7. I’ve had this hiding in the stash for a number of years while easier kits have somehow pushed their way past it in the build queue. I suspect this will be an incremental build that will require bursts of patience and enthusiasm to make progress with. As anyone who has seen one of these will probably attest it’s a truly horrible thing that barely qualifies as a kit. Apart from the two sheets of white plastic and a badly moulded vacform canopy it comes with nothing more than a child’s drawing of the assembly process and half a schematic that they ripped off from Aeroplane Monthly. Some years ago when I first got this kit I put a shout out on here for any tips on where I could pick up bits and bobs to supplement it and a couple of members kindly came up with the goods. Special thanks must go to @bentwaters81tfw for his kind donation of long unavailable Aeroclub props and for his effort in sending me a really helpful set of photos from the Newark Varsity. Sorry it’s taken so long to get around to this Frank, I’ll do my best to do it justice. Anyway, progress so far. I’ve separated the fuselage from its sheet and cut the windows out. These have been fitted with bits of CD case which will hopefully be more robust in the long run than flexy sheet. I’ve also cut the cockpit area out and started fitting it with floors, bulkheads, and instrumentation. The bulkhead behind the seat is a bit of a guess on my part and owes more to the Sea Prince than the Varsity but not much will be seen of this area anyway so I’m ok with it. Ditto the props inside the fuselage which are just there to provide rigidity . The whole area will be painted jet black when it’s buttoned up so this won’t be seen. Oh and I made a couple of little seats for the cockpit - the bottoms look a bit scrappy at the moment but will be tidied up when the glue cures. The biggest curse of this kit is the terrible panel lines that festoon the whole thing so they’re slowly disappearing under coats of filler.
  8. So having tested the water with a couple of RFI's here, I thought I'd take the plunge and start my first WIP. Its a Vacform 1/72 T21 by Phoenix models. Like my T31 I posted in RFI a few weeks back, this is another aircraft that I spent some happy years experiencing the joys of flight as a teenager, with 615 Gliding school at RAF Kenley. As you can see, although basic, they are probably all that could be offered for such a kit. Thanks to some very helpful information from Chris @stringbag I also have some plans from an old edition of the Aeroplane. The plans appear very accurate and are ideal for working on this model in this scale. Thanks again Chris! So a start has been made on separating (almost) all the parts from the main sheet..... The first thing I plan to tackle is the wing which I think will be the biggest challenge. As Chris pointed out and the plans confirm, there are two stages of dihedral on the undersurface, but the top surface of each wing out from the centre is perfectly flat, with just a small amount of dihedral at the centre point. I decided to use some brass strip to help form this, which enabled me to produce a plastic spar (both seen below). The brass is very rigid and was bent in a small vice at the three points along the wing. The plastic spar was then assembled against the brass with superglue joins. The next stage will be to modify the plastic spar such that the outer two sections are flat across the top, but retain the anhedral underneath. At the moment this is a trail and error idea. I may end up having to produce some internal wing ribs as there appears to be some under camber on the lower wing. I cant promise this WIP will be quick, but it might be interesting watching me grapple with this thing and my ideas! Stay tuned if you are interested! Cheers Terry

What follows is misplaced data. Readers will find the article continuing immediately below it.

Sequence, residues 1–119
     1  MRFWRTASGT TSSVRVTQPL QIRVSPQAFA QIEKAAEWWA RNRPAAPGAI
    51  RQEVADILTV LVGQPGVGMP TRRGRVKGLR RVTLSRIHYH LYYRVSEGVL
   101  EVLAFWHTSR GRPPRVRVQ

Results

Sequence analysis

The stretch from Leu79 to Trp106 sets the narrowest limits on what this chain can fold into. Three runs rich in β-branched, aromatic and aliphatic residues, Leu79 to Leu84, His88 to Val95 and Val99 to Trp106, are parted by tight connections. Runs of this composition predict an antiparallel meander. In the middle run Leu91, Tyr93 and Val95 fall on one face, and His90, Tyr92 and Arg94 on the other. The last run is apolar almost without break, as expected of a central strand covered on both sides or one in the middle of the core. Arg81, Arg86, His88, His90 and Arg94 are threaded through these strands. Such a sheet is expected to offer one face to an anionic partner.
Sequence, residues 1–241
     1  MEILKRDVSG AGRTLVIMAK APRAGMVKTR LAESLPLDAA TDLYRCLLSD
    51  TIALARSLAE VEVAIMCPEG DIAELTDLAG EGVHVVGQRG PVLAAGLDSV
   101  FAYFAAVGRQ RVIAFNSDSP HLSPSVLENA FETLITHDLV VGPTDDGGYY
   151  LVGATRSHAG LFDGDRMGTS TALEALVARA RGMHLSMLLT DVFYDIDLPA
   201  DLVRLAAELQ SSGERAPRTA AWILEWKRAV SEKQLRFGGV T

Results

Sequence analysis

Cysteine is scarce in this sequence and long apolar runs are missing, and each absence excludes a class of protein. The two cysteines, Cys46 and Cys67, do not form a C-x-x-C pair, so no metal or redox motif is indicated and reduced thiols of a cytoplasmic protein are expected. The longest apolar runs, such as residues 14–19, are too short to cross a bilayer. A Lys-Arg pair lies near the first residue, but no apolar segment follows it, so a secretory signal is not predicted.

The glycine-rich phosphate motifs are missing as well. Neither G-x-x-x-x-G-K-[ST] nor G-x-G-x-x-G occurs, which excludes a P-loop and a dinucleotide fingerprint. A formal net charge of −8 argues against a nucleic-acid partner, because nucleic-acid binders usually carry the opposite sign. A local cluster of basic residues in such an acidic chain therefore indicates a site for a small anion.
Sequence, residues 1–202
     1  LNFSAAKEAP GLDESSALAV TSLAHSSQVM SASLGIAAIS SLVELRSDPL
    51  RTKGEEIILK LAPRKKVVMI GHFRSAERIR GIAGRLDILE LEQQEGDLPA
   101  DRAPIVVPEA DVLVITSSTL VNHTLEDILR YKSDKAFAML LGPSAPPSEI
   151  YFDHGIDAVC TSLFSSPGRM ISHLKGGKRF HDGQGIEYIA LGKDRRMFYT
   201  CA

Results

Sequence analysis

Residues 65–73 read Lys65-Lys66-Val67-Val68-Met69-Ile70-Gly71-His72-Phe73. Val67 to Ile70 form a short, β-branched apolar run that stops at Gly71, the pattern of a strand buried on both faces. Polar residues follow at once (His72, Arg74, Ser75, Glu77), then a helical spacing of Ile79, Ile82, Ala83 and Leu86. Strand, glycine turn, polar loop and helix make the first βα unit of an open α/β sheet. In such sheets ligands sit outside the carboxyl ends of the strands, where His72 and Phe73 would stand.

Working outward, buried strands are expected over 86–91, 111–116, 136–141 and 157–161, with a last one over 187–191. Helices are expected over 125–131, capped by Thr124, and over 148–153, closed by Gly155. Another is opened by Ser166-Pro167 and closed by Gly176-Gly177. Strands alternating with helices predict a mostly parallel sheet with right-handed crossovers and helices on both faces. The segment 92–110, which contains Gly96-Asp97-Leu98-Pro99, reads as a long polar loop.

9. Just completed my second vacform model. This is a 1/72 RAREplane Gloster Meteor F.Mk.8 (WH378/N) in the markings of No.54 Squadron, RAF Odiham in the early 1950s. Built 'off the sheet' apart from a Pavla canopy, decals from Xtradecal, and a slightly undersized pilot from my spares box! Many thanks for stopping to look. Stay well, stay safe! Mike
  10. I would like to enter with this Short SC.5/10 Belfast in 1:144 scale by Welsh Models: It is a good size kit for 1:144 scale and should give me lots of hassle, frustration and pleasure building it. Mike
  11. I am building this kit for a 34SQN (RAAF) 75th Anniversary display in November at our annual competition, using the Proteus CV440 with some nice Hawkeye Models Australia decals. Hoping it will turn out something like this Started earlier this year with the bulkheads and cockpit, the supplied resin floor piece was a bit thin/weak so it was replaced with plastic card, which also helped to secure it into the fuselage side. I don't get along with super glue for structural joints. Installed into the fuselage half Cockpit roof removed to fit clear section, cuts were not so perfect, some filling required when the parts are finally glued. Reinforcing strips added for the canopy section, where I could fit them that is! Some white metal parts in the kit This much plus a little more already in the LHS nose cone. [ Fuselage together and seams puttied (round 1) The opening for the wing is a tad large ( resin shrinkage causing some of this?) Some packing applied Most of packing applied and tidied up, this also gives a larger glueing surface. Lots of putty work and sanding on the way